Growing Phalaenopsis Orchids



The first requirement is a warm room with a lot of light with windows facing northeast to northwest. The room gets natural light from 8 o'clock in the morning until 4 o'clock in the evening. On calm days the window near by is open. The sun only reaches the leaves in the wintertime, when it is not so intense. During the summer the sun is high enough in the sky not to stream in the windows during the heat of the day and damage the leaves. Phalaenopsis have very thick lushes green leaves, which can heat up very quickly and suffer heat damage. The leaf first turns white and then turns black. Not a pretty sight but it does not kill your plant!  


Watering will depend on the bark mix you have the plants in. For full-grown plants use the largest bark. The plants sit in a deep tray with pebbles. When the pebbles have dried out it is time to water again. This is generally once a week. The plant gets taken to the sink and watered thoroughly, leaves as well, under the tap with tepid water. 

Feed with any liquid fertiliser. A capful in a two-litre bottle of preferably warm water. This gets splashed over the bark and the bottom of the leaves. Be careful to tip out any water that remains in the leaf base as this could develop rot. The leaves do like to have water. 

There will be quite a bit of water left in the trays after this procedure. This water is required to create humidity. The more plants the better the humidity. The leaves should look dark green and lush.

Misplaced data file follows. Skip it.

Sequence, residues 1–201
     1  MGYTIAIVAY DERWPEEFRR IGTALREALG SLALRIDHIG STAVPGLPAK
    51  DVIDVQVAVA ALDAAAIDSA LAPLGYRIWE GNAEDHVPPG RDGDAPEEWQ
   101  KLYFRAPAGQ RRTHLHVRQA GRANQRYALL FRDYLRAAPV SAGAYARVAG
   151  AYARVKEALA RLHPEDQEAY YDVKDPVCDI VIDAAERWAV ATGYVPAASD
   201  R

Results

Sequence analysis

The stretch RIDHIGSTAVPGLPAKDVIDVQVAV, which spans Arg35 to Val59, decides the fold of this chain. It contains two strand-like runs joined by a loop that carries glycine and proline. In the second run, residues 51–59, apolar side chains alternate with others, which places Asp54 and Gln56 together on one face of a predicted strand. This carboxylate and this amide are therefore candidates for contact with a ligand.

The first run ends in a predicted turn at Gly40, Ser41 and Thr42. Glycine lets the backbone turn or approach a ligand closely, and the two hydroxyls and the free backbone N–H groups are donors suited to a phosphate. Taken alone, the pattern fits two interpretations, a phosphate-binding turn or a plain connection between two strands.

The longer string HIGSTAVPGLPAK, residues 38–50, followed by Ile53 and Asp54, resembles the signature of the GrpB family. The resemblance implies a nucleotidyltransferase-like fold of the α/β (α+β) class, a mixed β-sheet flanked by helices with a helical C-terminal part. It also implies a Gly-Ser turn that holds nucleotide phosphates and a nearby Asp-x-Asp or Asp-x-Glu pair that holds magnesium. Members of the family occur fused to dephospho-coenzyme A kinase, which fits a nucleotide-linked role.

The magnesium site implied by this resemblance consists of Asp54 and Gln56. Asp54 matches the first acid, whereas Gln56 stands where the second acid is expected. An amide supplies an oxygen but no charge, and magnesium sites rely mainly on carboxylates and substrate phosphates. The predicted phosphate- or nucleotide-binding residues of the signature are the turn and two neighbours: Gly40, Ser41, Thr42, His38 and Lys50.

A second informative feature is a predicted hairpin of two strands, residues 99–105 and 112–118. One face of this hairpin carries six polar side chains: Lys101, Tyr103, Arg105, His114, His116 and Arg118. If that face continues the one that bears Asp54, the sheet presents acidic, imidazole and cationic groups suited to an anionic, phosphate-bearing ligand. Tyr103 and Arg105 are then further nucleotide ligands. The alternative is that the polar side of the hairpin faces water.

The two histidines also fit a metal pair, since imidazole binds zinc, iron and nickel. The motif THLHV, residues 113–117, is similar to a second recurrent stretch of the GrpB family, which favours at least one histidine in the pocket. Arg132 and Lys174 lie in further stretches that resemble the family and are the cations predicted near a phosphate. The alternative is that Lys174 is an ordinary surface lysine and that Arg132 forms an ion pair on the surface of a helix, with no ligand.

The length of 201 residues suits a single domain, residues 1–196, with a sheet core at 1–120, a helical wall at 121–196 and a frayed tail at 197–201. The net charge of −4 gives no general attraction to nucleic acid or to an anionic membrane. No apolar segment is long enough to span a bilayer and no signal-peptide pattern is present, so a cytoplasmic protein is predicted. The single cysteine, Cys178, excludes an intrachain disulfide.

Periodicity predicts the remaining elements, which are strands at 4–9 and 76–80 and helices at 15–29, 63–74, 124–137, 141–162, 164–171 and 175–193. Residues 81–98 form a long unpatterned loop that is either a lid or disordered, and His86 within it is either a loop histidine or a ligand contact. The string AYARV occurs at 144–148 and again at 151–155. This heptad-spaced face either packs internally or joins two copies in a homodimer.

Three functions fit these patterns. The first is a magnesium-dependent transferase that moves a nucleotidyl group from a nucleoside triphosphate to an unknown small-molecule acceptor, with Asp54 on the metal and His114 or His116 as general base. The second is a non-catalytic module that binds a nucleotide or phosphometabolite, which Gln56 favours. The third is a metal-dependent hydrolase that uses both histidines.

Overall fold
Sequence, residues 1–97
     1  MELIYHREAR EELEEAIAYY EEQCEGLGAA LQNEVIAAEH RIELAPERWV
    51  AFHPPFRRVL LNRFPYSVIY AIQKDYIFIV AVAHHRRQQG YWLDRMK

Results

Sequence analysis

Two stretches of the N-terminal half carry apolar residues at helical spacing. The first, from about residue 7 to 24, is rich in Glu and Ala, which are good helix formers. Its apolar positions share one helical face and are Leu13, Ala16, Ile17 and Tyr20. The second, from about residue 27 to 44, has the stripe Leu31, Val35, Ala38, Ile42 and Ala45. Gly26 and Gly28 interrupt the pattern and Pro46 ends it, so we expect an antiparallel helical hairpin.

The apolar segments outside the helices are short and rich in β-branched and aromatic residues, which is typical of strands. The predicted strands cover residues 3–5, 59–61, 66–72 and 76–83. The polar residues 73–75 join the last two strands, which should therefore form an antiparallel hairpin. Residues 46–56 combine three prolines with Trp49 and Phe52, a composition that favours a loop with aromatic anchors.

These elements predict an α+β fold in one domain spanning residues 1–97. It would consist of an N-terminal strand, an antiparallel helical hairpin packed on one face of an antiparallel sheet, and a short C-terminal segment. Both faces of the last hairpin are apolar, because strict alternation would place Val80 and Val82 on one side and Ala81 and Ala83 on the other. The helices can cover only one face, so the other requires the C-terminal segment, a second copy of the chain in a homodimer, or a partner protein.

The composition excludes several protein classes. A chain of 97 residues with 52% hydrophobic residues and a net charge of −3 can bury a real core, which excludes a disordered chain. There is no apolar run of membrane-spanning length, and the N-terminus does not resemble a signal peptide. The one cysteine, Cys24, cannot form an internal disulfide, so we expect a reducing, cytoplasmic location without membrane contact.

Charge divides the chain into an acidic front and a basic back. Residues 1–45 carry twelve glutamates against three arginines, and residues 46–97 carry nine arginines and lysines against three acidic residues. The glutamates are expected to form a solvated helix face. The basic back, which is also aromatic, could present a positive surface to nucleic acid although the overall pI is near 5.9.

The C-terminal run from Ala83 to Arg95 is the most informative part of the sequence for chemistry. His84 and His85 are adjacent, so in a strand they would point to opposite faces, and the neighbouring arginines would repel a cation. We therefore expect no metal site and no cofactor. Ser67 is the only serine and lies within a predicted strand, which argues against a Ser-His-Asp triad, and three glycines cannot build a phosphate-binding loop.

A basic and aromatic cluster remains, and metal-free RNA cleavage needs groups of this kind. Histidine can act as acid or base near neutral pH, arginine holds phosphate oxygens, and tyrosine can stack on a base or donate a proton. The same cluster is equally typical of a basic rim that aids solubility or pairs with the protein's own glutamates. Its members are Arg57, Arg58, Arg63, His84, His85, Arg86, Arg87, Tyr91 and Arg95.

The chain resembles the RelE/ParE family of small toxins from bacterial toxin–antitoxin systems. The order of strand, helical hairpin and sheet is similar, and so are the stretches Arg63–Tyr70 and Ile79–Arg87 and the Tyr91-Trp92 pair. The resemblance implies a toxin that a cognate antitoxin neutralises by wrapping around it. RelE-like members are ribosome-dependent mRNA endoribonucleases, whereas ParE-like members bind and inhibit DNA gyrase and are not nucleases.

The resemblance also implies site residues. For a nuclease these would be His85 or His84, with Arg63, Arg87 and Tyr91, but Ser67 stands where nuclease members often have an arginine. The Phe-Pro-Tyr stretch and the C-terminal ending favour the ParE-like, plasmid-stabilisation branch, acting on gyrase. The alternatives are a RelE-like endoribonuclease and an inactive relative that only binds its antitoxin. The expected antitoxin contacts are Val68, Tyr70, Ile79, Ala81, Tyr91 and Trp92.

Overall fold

Spikes can appear at any time of the year. Most will flower around March to October.  It takes about three months for the spike to grow and develop into flowers. Cut the spike off completely after its first main flowering, which lasts about three months. However, you can leave the spike on and it will still continue flowering but the stem gets very ungainly looking and the flowers get smaller. You can also cut off the spike leaving two nodes on the stem. Generally, if the plant is healthy it will shoot another spike from this stem. (This is for those afraid it will not flower again). The plant requiring a rest period to build up strength for the next flowering season. This will generally get a better spike of flowers each year.

The most common cause of few or no flowers is lack of light, and in some cases, lack of nighttime temperature drop in Autumn. Warning! Be careful not to have fruit or tomatoes near flowering plants as they emit a chemical, which can cause bud drop. Another cause of bud drop is lack of humidity.  


The roots should look thick and fleshy. During the winter they don't grow a lot but as the daytime temperatures increase and the room gets hotter you will see the green tips growing. They like fresh air but generally don't like cold draughts. Some of the roots are aerial and some like and need to be in the bark to anchor the plant.


Repot if the plant looks like it has a problem or it is growing out of the pot. The best time to repot is in summer.  

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